For the last 15 years, William Friedrich’s family has made a lot of memories living in their South Jersey home.
"It’s not so much me but it’s my kids. I mean, this is the only home they’ve ever known,” Friedrich said.
The Friedrich family fell on hard times last year and weren’t able to pay their mortgage. In a desperate attempt to save their Berlin home, he contacted a mortgage modification company after getting a flyer in the mail.
“We thought, you know, it was God sent this guy calling us. We got that paper, you know,” he said.
But the Federal Trade Commission says the company was a fraud. The Friedrichs lost thousands of dollars and are now being evicted. They have to leave by July 15.
"They're going to take all of this all away from all of us,” Karen Friedrich said sobbing.
The Friedrichs aren’t alone. The feds say 500 people across the country fell prey to this scheme. In the Philadelphia area, we spoke with nearly a dozen.
Every family has a similar story. They turned to Hope Services, also called HAMP Services, to modify their mortgages and lower their interest rates. Now, they're fighting to keep their homes.
“They told me that they were a government program. That they would make my home affordable,” said Margot Garcia of Pennsauken.
“I thought thank God somebody is helping me save my house,” said Sewell resident Deborah Krug.
Adding trust was the use of President Barack Obama’s name and professional looking information. Some thought it was a program started by the government, but in fact the name was slightly different.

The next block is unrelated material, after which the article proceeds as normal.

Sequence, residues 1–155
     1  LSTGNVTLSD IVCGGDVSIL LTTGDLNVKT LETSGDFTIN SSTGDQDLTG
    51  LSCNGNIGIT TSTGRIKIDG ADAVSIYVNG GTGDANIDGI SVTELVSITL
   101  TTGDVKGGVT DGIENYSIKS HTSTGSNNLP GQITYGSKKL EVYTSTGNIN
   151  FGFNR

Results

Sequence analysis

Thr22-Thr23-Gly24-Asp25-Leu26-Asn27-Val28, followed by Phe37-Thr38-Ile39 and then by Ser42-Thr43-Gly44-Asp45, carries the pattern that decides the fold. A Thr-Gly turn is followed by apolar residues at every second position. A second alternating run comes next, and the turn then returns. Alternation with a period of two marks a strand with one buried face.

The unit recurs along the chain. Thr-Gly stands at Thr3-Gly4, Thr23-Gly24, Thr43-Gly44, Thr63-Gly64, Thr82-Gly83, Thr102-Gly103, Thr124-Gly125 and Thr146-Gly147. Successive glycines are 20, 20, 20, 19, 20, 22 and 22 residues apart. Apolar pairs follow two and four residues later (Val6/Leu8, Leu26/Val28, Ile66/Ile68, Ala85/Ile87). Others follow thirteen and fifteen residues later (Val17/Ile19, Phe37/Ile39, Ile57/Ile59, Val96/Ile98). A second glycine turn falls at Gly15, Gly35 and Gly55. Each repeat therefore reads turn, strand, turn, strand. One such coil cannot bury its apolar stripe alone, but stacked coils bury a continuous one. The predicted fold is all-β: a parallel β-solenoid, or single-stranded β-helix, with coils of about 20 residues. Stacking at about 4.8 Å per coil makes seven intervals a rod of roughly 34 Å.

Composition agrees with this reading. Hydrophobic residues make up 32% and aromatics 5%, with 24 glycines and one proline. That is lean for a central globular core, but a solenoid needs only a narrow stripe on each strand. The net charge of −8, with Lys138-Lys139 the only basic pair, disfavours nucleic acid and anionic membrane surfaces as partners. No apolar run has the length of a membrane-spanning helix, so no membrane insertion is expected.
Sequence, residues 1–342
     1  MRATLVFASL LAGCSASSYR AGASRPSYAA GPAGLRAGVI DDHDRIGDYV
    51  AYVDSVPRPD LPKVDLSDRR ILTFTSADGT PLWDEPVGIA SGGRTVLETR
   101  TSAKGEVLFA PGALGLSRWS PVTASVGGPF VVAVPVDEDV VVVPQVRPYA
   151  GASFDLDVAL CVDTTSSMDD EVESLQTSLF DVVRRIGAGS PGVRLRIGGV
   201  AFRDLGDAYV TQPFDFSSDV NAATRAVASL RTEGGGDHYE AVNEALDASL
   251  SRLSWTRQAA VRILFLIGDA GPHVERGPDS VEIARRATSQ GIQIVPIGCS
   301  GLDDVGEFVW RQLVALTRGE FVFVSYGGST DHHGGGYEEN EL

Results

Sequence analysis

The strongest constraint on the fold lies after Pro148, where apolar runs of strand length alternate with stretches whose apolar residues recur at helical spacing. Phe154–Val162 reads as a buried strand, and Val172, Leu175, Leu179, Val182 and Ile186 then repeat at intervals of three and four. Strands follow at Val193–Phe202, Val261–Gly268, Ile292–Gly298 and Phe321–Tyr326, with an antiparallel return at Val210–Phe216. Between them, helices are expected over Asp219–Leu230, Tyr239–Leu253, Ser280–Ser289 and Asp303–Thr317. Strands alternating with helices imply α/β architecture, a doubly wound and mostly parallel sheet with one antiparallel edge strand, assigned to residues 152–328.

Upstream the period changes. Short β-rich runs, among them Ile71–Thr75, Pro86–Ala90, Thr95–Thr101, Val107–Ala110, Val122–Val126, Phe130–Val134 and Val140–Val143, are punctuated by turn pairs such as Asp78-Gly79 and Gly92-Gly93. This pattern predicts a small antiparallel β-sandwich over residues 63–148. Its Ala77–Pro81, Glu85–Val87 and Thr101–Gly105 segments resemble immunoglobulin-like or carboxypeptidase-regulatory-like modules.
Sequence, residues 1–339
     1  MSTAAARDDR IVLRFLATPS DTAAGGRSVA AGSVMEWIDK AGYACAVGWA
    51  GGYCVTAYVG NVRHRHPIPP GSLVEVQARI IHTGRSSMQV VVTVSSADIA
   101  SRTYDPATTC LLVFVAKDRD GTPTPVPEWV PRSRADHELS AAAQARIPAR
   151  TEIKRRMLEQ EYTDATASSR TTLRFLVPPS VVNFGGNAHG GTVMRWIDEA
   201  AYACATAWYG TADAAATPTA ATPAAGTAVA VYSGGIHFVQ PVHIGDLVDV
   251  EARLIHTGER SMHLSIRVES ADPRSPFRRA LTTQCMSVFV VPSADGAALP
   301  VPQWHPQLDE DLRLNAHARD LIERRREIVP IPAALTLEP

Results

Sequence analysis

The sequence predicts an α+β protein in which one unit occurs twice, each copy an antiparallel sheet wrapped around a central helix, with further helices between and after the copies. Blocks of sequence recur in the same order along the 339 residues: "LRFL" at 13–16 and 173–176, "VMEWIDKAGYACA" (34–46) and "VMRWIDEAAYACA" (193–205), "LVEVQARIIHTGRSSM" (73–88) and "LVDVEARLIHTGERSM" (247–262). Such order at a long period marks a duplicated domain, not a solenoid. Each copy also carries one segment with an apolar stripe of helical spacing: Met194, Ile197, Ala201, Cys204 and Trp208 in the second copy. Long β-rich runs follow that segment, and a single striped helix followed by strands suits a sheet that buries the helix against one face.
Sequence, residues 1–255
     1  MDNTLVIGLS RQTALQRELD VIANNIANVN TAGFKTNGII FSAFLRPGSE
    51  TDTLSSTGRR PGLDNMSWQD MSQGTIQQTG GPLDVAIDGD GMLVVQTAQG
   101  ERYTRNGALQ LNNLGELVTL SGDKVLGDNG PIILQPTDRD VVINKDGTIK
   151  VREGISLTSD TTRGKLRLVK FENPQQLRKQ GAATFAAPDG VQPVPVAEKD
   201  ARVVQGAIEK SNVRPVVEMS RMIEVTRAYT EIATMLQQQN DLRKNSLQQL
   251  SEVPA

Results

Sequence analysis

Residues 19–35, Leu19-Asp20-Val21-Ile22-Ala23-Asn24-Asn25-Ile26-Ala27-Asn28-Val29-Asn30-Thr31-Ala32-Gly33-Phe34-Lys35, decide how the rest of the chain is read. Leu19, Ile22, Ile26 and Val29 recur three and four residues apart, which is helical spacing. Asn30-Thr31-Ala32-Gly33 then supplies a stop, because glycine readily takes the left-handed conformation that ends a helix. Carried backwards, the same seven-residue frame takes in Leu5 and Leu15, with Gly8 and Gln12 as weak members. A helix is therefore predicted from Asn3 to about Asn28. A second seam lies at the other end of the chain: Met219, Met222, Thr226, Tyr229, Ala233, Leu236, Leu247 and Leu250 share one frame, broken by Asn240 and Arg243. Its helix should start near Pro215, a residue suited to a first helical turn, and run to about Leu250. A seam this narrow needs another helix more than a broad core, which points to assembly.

The real government program is The Home Affordable Modification Program or HAMP. It uses a phone number ending in the letters “H-O-P-E.”
“They repeatedly reference government programs specifically programs related to Obama. They use Obama's name quite a bit,” said Federal Trade Commission attorney Jonathan Cohen.
Cohen said the homeowners had to make three payments to the phony mortgage modifiers.
“Hundreds of customers made these trial mortgage payments. Unfortunately, not a single one reached any of their lenders,” he said.
Instead, Cohen says, those behind this scheme stole around $2.5 million in payments.
According to court documents, the money was allegedly spent on things such as trips to Las Vegas, country club dues and sports memorabilia.
"This is devastating for these individuals that are individuals who have already experienced some form of financial hardship,” Cohen said.
The FTC went undercover and busted the group that they say took the money.
Investigators asked Hope Services for a loan modification on a vacant lot, made the initial payment and then followed the money. The FTC recorded on video one of the suspect’s girlfriends cashing their check.
"Unfortunately these scams are very common," Cohen said.
For the Friedrichs and others, there’s little time to worry about what Hope Services did. Now they need a roof over their heads and a new place to call home.
“I’m not going to lie to you. It’s not going to be easy. We’re going to have a lot of hard times. There might be nights in motels. There might be nights in the car,” William Friedrich said.
“This is leaving family, family, friends. It’s like I don’t even know. It’s destroying, it’s destroying me inside,” Karen Friedrich said.
The FTC has filed a civil suit against five California men connected to Hope and HAMP services. NBC10 reached out to them. Only one of their attorneys responded saying his client did not solicit homeowners and was not aware HOPE and HAMP services were out of compliance with mortgage modification regulations.